They came, they saw, they went home. Dozens of French fishing vessels descended on Jersey today – before retreating after talks were held to ease tensions over post-Brexit fishing rights.
An estimated 70 boats approached St Helier, red flares raging and foghorns blasting.
Our Paris Correspondent Henry Samuel was on one of the French fishing boats that lay siege to the port. Watch video below of how he laughed uneasily at jokes of him being made to walk the plank.
Prime Minister Boris Johnson this afternoon said that two Royal Navy ships will remain stationed off Jersey until the blockade is resolved.
“We will go back, and next time it will be war,” said one of the famously hot-headed French fishermen. View all the best pictures from a day of high drama.
The stand-off is, at first glance, a row over logbooks, lobsters and licences. But it is the result of a perfect storm of British, French and European politics and, inevitably, Brexit.
Europe Editor James Crisp explains why the technicalities of fishing licences in the 12 miles around Jersey’s coasts are vitally important for French fishermen.
Patrick O’Flynn says that sending Royal Navy vessels might be a “stunt”, but argues it is a very good one.
And read The Telegraph‘s view that French belligerence is only the start of the fishing industry’s worries.
Elections pose huge test for leaders – and constitution
Much is at stake as millions of Britons vote for the first time in nearly two years. So-called Super Thursday is a huge test for Labour’s Sir Keir Starmer, who is fighting for his political survival. Prime Minister Boris Johnson has just as much to prove when it comes to asserting his dominance in the former Red Wall. But Politics Live Editor Catherine Neilan says it is Scotland that has significant constitutional consequences – with opinion polls split. With voting open until 10pm today, Tom Harris argues that there is no reason to announce the results a day later. Follow live results and reaction overnight here. And our gallery has the best pictures of dogs at polling stations.
Team GB launches heat-resistant kit for Tokyo
It was accused of being “too blue” in 2012. But there is no mistaking the red on the new Team GB Olympic kit unveiled today. A red stripe within a deconstructed Union flag is the most prominent feature of the Adidas-designed clothing for the Tokyo Games this summer. It is also heat-resistant. Read our Fashion team’s verdict on the world’s kits. Meanwhile, the new England football crest featuring a cub, lion and lioness was dubbed “PC nonsense” and faced a backlash. See the “inclusive” design.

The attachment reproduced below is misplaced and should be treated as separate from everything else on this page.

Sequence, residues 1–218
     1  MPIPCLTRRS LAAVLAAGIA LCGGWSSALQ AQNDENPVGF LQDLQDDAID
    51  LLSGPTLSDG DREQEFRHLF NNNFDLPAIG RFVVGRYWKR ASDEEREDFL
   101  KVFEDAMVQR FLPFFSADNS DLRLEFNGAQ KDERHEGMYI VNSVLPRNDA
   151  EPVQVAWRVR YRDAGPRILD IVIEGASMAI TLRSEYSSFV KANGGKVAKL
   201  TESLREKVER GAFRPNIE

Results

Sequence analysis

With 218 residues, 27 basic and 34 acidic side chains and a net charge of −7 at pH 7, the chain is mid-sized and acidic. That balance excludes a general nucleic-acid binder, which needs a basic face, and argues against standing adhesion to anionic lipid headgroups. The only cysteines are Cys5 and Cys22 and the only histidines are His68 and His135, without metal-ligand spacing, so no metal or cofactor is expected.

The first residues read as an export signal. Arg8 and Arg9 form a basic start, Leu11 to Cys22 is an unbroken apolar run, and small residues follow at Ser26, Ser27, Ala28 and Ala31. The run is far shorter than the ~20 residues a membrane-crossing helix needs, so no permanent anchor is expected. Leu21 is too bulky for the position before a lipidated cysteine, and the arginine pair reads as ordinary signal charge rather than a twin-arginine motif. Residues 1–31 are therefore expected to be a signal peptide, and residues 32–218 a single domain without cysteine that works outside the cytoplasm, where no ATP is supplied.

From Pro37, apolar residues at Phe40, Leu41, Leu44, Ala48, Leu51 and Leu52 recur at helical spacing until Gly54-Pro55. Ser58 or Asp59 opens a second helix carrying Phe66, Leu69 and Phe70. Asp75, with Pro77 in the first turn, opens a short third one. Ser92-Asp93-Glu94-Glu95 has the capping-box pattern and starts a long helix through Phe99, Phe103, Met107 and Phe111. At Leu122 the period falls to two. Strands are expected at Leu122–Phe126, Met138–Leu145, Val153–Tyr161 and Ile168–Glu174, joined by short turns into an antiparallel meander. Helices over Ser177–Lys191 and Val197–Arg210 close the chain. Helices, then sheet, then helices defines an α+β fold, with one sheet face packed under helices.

At a glance: Coronavirus evening briefing
Travel: Good news – and bad | Britain’s biggest tour operator has slashed the prices of PCR tests for holidaymakers to £20, more than half the cost of the cheapest to date. TUI is to offer the deal to travellers who book holidays with the company to green list destinations. Only a “tiny handful” of countries will initially be on the quarantine-free list. Meanwhile, Australia announced that its borders will remain closed to the majority of international arrivals for longer than expected.
Also in the news: Today’s other headlines
Around the world: Questioning a way of life
When Covid hit New York’s close-knit ultra-orthodox Jewish community, it barrelled through it like a tornado. But the pandemic had a much more unpredictable impact too – leaving many to do the unthinkable: consider leaving and starting a life outside the community. Read US Correspondent Josie Ensor‘s dispatch from New York.
Thursday long-read: What I want men to understand about the menopause
Meg Mathews is one of the UK’s foremost menopause campaigners, determined to use her profile to end the stigma surrounding it. She reveals what she has learnt – and why it is not just a women’s issue. Read the full article.
Comment and analysis
Editor’s choice: Features and arts
Nothing but the best for you… | What a £2,000 dress tells us about Adele’s style
Bygone travel | In pictures: How much has the Lake District changed over the years?
Art attack | Has the Covid era destroyed our ability to tell good art from bad?
Business and money briefing
Economic boost | The Bank of England signalled rising confidence in the UK’s post-pandemic recovery after sharply upgrading its forecasts. It now believes growth will bounce back by 7.25pc this year as the economy reopens – much faster than the 5pc it forecast three months ago. Economics Editor Russell Lynch explains the momentum’s cause.
Lions squad revealed | Sam Simmonds has been named in the Lions squad, but Ireland captain Johnny Sexton is among several high-profile omissions. Chief Rugby Union Correspondent Gavin Mairs says Warren Gatland’s team choices are a slap in the face for Eddie Jones. And see Will Greenwood‘s player guide ahead of the South Africa tour.
Three things for tonight
And finally… for this evening’s downtime
‘It wouldn’t be published today’ | Thirty years ago, the exploits of a killer banker drew both outrage and plaudits. Bret Easton Ellis tells Jake Kerridge why American Psycho was branded “repellent”.
The Channel Tunnel is 31 miles long.
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